Many years ago, I bought my first quality watch, a Movado Moderna. It was the year 2000, and I knew nothing at all about watches, but I had admired the sleek, modern design of the single-dot Musuem Watch for a very long time, and I wanted one. Movado was founded in La Chaux-de-Fonds, Switzerland in 1881. It is now part of the Movado Group, Inc., an American company which also includes Ebel, Concord, and ESQ by Movado, as well as several fashion-label brands. The watches are still made in Switzerland, but those produced before 2000, like mine, have "Movado Swiss Quartz" printed on the dial, rather than the "Movado Swiss Made" of later production. Movado does not list the manufacturer, but based on the configuration and part number, mine appears to be the 7 jewel ETA 956.102.
The Moderna features the classic single dot Museum Watch face created in 1947 by Nathan George Horwitt. This design, originally gold with slim pencil hands, is a staple of the Movado line and has been reinterpreted in numerous variations. I chose the polished stainless steel case model over the traditional gold as my skin reacts to gold plating like it was made of wasp venom and battery acid. My Moderna has a glossy black dial with the trademark polished concave disk at 12:00, a detail echoed on the buckle. It has polished dauphine hands and no second hand.
The case is quite small and vanishingly thin, measuring only 31mm in diameter and 6mm thick. Readability and accuracy are excellent - or at least as excellent as you can discern from a dial with no markers. The Movado is less about split second timekeeping and more about "is it cocktail time?" Water resistance is listed at 30m, which is hardly dive-worthy but more than sufficient for a dress watch. The lugs are comparatively long and flat compared to the case, but are partially hooded with the slim leather strap tucked inside. A flat sapphire crystal protects. When I compare the hairline scratches on the case to the perfectly clean crystal, I can appreciate the hardness of sapphire. Its small size is perfectly appropriate for my 6.5" wrist, but could look like a child's watch on wrists larger than 7". The thick wristed would be better served by the 40mm Museum Watch.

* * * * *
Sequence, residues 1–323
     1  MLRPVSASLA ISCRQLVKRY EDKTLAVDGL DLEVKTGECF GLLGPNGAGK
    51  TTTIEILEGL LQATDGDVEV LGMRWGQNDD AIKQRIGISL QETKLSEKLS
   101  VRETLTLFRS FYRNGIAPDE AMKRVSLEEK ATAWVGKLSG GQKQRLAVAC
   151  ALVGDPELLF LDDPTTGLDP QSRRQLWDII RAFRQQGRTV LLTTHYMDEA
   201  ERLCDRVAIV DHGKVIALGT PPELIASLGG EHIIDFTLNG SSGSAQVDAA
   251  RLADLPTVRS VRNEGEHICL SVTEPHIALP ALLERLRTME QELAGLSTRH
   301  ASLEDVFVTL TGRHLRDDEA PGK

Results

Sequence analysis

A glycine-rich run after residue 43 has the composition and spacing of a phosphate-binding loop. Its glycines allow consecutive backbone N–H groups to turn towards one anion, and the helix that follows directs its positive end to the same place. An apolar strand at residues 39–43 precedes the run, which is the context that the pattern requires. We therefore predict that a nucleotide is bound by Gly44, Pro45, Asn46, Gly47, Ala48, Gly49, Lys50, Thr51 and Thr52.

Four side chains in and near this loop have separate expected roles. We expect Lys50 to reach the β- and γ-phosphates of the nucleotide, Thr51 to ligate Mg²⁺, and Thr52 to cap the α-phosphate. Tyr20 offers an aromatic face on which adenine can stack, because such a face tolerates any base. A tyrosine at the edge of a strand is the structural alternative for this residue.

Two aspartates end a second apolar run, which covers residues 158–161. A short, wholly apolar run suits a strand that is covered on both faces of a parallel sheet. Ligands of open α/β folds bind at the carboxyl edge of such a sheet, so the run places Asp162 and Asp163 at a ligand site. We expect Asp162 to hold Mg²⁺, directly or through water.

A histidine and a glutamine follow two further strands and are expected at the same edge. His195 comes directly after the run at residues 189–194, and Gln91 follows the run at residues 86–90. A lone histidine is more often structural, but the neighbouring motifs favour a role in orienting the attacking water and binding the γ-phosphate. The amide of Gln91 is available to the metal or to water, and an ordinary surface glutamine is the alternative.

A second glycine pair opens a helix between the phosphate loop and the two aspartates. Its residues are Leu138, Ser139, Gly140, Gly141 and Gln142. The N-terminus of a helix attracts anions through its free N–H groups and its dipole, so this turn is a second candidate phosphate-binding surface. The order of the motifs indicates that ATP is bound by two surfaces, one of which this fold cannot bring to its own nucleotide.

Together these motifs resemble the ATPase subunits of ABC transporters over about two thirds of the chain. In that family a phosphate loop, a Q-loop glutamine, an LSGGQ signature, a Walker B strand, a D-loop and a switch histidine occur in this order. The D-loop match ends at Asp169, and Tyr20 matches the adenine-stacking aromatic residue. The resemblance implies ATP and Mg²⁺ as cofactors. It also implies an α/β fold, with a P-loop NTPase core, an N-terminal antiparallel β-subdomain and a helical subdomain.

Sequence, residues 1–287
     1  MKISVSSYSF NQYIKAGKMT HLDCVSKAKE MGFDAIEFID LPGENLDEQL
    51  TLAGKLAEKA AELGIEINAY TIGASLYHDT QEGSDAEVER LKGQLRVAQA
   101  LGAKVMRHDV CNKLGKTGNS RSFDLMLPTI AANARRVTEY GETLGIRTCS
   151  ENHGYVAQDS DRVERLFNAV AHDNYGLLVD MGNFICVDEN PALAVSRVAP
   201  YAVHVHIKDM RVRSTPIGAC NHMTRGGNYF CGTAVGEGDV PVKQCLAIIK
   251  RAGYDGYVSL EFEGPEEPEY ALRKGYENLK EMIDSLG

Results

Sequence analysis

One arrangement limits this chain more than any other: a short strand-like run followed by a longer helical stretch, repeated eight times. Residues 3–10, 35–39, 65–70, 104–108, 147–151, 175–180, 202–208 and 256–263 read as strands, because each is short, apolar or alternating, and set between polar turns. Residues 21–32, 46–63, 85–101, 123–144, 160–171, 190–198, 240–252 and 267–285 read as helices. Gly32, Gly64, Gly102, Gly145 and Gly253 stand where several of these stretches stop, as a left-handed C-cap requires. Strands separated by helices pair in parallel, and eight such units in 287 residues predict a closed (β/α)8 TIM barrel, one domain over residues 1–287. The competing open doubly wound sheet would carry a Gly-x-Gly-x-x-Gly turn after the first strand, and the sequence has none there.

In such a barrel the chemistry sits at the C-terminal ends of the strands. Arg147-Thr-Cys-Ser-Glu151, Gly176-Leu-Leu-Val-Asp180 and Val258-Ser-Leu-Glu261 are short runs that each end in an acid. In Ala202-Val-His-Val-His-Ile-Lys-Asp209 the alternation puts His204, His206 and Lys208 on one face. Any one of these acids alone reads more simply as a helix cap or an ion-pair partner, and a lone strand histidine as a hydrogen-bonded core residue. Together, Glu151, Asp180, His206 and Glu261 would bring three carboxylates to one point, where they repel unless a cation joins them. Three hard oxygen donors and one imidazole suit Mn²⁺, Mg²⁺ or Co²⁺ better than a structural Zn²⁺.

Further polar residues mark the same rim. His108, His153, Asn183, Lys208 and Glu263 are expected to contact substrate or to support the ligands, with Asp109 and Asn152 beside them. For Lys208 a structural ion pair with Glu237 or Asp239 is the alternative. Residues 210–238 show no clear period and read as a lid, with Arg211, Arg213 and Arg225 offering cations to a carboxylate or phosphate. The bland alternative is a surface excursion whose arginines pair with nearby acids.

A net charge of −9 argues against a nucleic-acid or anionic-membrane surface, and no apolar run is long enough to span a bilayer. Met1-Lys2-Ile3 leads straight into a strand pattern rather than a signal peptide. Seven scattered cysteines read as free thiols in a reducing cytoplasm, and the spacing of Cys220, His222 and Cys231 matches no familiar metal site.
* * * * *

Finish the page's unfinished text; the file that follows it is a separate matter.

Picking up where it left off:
Unlike many of my pre-watch nerd acquisitions, it is a quality piece that has seen a great deal of wear and earned a permanent place in my collection. It is first and foremost, a dress watch. For many years it was my daily timepiece for the office. It is now the watch I grab when dressing for a black tie event. (Yes, even the Bum likes to get out now and then.) I recall designer Alan Flusser's advice in the essential menswear guide, Clothes and the Man. "Simplicity should govern the choice of jewelry for formal wear" he wrote. "If you choose to wear a wristwatch, remember that the thinner the watch, the more tasteful it is. Black bands are recommended." In a world of bejeweled wrist clocks, these are words worth remembering. As for those who insist on wearing your Rolex Submariners with your tuxedo, I remind you of three things: 1) you are not James Bond, 2) Bond wore his Sub with a white dinner jacket - under a wetsuit, and 3) if you can swing the Rolex, you can also afford a proper dress watch, like this maybe. I'm just saying.
The Moderna certainly fits the bill for simplicity, slimness, and good taste. It is discreet and unobtrusive, but still distinctive with its iconic single dot dial. It is a watch that has served me well for many years, and yet... Well, let's just say that after many years together, it was time to spice things up. My watch collection has grown considerably since I got the Movado, and it had been getting less and less use. A strap change was in order, but I needed one that would fit under those lugs, and that would be a departure from the customary thin dress strap. A friend owns a more recent Movado on quilted fabric, and I liked the contrast between the sparse dial and textured strap. I wanted to push that idea a bit farther, so I went with army green canvas.
I know, I know, it sounds horrible, but just look at it!
The juxtaposition of the formal watch head and rough hewn strap just works. Obviously, I am never going to wear this combination with formal attire, but I am not above pairing it with a tan summer suit and a crisp white shirt. It draws the right sort of attention without shouting its presence. My strap came off a Sea-Gull 1963, but there are other options out there. Crown & Buckle offers the well-tailored canvas Phalanx in olive, black, and beige, any of which would offset a black dialed dress watch in an attractive and intriguing way.
The Movado Moderna retails for about $500. Your investment gets you a well tailored dress watch that you can easily wear to the office, with black tie, and with a creative strap change will get you into the weekend as well, provided you keep things clean and dry, of course. The price is a bit steep but not unreasonable. It is also one of the most affordable examples of the Horwitt dot design. There are other, less expensive watches that fit the criteria of matching a clean, modern design with a slim case. The $191 Christopher Ward Malvern MK II springs to mind, as does the $355 Uniform Wares 152. Both are attractive and attainable watches, but for those who crave the dot, only the Movado will do.
Pro: Slim and elegant
Con: May be too small for some.
Sum: A quality watch, and iconic design.